# Some calculations involving configuration spaces of distinct points

## 1 Introduction

‘The complement of the diagonal’ and ‘the Gauss map’ ideas play a great role in different branches of mathematics. The Haefliger-Wu invariant is a manifestation of these ideas in the theory of embeddings. The complement to the diagonal idea originated from two celebrated theorems: the Lefschetz Fixed Point Theorem and the Borsuk-Ulam Antipodes Theorem.

For a subset $X\subset \mathbb R^{m}$$\newcommand{\Z}{\mathbb{Z}} \newcommand{\R}{\mathbb{R}} \newcommand{\C}{\mathbb{C}} \newcommand{\N}{\mathbb{N}} \newcommand{\Q}{\mathbb{Q}} \newcommand{\F}{\mathbb{F}} \newcommand{\bZ}{\mathbb{Z}} \newcommand{\bR}{\mathbb{R}} \newcommand{\bC}{\mathbb{C}} \newcommand{\bH}{\mathbb{H}} \newcommand{\bQ}{\mathbb{Q}} \newcommand{\bF}{\mathbb{F}} \newcommand{\bN}{\mathbb{N}} \DeclareMathOperator\id{id} % identity map \DeclareMathOperator\Sq{Sq} % Steenrod squares \DeclareMathOperator\Homeo{Homeo} % group of homeomorphisms of a topoloical space \DeclareMathOperator\Diff{Diff} % group of diffeomorphisms of a smooth manifold \DeclareMathOperator\SDiff{SDiff} % diffeomorphism under some constraint \DeclareMathOperator\Hom{Hom} % homomrphism group \DeclareMathOperator\End{End} % endomorphism group \DeclareMathOperator\Aut{Aut} % automorphism group \DeclareMathOperator\Inn{Inn} % inner automorphisms \DeclareMathOperator\Out{Out} % outer automorphism group \DeclareMathOperator\vol{vol} % volume \newcommand{\GL}{\text{GL}} % general linear group \newcommand{\SL}{\text{SL}} % special linear group \newcommand{\SO}{\text{SO}} % special orthogonal group \newcommand{\O}{\text{O}} % orthogonal group \newcommand{\SU}{\text{SU}} % special unitary group \newcommand{\Spin}{\text{Spin}} % Spin group \newcommand{\RP}{\Rr\mathrm P} % real projective space \newcommand{\CP}{\Cc\mathrm P} % complex projective space \newcommand{\HP}{\Hh\mathrm P} % quaternionic projective space \newcommand{\Top}{\mathrm{Top}} % topological category \newcommand{\PL}{\mathrm{PL}} % piecewise linear category \newcommand{\Cat}{\mathrm{Cat}} % any category \newcommand{\KS}{\text{KS}} % Kirby-Siebenmann class \newcommand{\Hud}{\text{Hud}} % Hudson torus \newcommand{\Ker}{\text{Ker}} % Kernel \newcommand{\underbar}{\underline} %Classifying Spaces for Families of Subgroups \newcommand{\textup}{\text} \newcommand{\sp}{^}X\subset \mathbb R^{m}$, $\widetilde X$$\widetilde X$ denotes the deleted product of $X$$X$, i.e. $\widetilde X:= \{(x, y)\in X\times X, x\neq y\} = X^2$$\widetilde X:= \{(x, y)\in X\times X, x\neq y\} = X^2$ minus the diagonal. This is the configuration space of ordered pairs of distinct points of K.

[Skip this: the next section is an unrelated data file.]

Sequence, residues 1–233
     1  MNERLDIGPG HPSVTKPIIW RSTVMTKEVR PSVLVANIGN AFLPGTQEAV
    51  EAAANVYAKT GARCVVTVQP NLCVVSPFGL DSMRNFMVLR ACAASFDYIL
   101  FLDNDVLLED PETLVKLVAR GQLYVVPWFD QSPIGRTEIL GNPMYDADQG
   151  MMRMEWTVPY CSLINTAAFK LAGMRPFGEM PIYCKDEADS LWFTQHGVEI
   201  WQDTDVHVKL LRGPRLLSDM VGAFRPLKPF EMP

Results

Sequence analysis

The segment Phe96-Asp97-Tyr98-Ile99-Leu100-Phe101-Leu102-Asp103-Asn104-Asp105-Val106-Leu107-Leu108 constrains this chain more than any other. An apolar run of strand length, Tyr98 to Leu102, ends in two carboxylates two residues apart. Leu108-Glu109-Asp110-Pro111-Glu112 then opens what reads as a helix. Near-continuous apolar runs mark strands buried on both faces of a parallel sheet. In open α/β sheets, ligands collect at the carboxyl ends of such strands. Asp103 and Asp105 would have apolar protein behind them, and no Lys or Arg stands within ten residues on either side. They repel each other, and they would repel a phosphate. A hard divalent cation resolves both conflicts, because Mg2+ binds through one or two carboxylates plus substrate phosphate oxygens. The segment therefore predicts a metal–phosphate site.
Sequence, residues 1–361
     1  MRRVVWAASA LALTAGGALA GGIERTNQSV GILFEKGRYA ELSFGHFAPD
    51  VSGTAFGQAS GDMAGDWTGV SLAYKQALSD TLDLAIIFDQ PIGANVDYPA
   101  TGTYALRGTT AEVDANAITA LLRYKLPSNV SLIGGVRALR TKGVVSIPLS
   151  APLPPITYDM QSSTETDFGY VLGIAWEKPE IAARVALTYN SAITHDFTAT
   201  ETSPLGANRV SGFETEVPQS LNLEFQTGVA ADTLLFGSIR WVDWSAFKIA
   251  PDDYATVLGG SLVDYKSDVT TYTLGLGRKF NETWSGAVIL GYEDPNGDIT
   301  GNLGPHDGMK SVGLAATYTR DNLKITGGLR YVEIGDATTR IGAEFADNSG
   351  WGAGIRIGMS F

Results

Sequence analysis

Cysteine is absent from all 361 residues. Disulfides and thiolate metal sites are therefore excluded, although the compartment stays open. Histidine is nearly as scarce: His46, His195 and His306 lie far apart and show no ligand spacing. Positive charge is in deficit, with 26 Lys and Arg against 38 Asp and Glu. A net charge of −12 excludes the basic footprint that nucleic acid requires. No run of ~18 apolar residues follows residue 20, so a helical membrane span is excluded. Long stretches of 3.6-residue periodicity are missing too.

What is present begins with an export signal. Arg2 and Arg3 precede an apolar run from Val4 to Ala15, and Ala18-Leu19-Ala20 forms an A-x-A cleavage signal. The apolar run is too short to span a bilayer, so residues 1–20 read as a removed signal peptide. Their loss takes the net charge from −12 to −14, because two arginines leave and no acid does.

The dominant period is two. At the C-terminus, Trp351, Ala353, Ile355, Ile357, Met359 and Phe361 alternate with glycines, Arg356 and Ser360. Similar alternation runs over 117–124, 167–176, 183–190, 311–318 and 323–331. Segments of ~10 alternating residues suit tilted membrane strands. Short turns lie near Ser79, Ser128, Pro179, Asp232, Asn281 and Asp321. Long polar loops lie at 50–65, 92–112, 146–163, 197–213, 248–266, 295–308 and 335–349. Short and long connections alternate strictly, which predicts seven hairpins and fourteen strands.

Definition 1.1.[of the Haefliger-Wu invariant $\alpha$$\alpha$]

The Haefliger-Wu invariant $\alpha:\mathrm{Emb}^{k}N\to \pi_{\mathrm{eq}}^{k-1}(\widetilde{N})$$\alpha:\mathrm{Emb}^{k}N\to \pi_{\mathrm{eq}}^{k-1}(\widetilde{N})$ is induced by the Gauss map, also denoted by $\alpha$$\alpha$. The Gauss map assigns to an individual embedding $f:N\to\R^{k}$$f:N\to\R^{k}$ an equivariant map $\widetilde{N}\to S^{k-1}$$\widetilde{N}\to S^{k-1}$ defined by the formula

$\displaystyle (x,y)\mapsto \frac{f(x)-f(y)} {\|f(x)-f(y)\|}, \quad (x,y)\in\widetilde{N}\subset N\times N.$

Theorem 1.2. The Haefliger-Wu invariant $\alpha:\mathrm{Emb}^m N\to\pi^{m-1}_{\mathrm{eq}}( \widetilde N)$$\alpha:\mathrm{Emb}^m N\to\pi^{m-1}_{\mathrm{eq}}( \widetilde N)$ is one-to-one for $2m\ge 3n+4$$2m\ge 3n+4$.

## 2 Uniqueness theorems

Theorem 2.1. Assume that $N$$N$ is a compact $n$$n$-manifold and either

(a) $m \ge 2n+2$$m \ge 2n+2$ or

(b) $N$$N$ is connected and $m \ge 2n+1 \ge 5$$m \ge 2n+1 \ge 5$.

Then any two embeddings of $N$$N$ into $\R^m$$\R^m$ are isotopic.

In cases (a-d) inequality $2m\ge3n+4$$2m\ge3n+4$ is clearly satisfied. Hence by Haefliger-Weber theorem \ref{thm_Haef-Web} we have $\mathrm{Emb}_m(N) \cong \pi^{m-1}_{\mathrm{eq}}(\widetilde N)$$\mathrm{Emb}_m(N) \cong \pi^{m-1}_{\mathrm{eq}}(\widetilde N)$. So it is sufficient to show that $\pi^{m-1}\_{\mathrm{eq}}(\widetilde N)$$\pi^{m-1}\_{\mathrm{eq}}(\widetilde N)$ is trivial, i.e. every two every two equivariant maps $f, g:\widetilde N\to S^{m-1}$$f, g:\widetilde N\to S^{m-1}$ are equivariantly homotopic.

Take an arbitrary equivariant triangulation $T$$T$ of $\widetilde N$$\widetilde N$.

(a) One can easily construct an equivariant homotopy between restrictions of $f$$f$ and $g$$g$ on vertices of $T$$T$. By general position a homotopy of $f, g$$f, g$ on the boundary of a $k$$k$-simplex can be extended to a homotopy on the whole $k$$k$-simplex since $k<2n+1$$k<2n+1$. We extend equivariant homotopy on symmetric simplices in the symmetric way, so we obtain an equivariant homotopy.

(b) Since $\widetilde{N}$$\widetilde{N}$ has non-empty boundary, there exists an equivariant deformational retraction of $\widetilde{N}$$\widetilde{N}$ to an equivariant $(2n-1)$$(2n-1)$-subcomplex of $T$$T$. A homotopy on the subcomplex can by constructed similarly to case~(a). This homotopy can be extended to a homotopy on $\widetilde{N}$$\widetilde{N}$.

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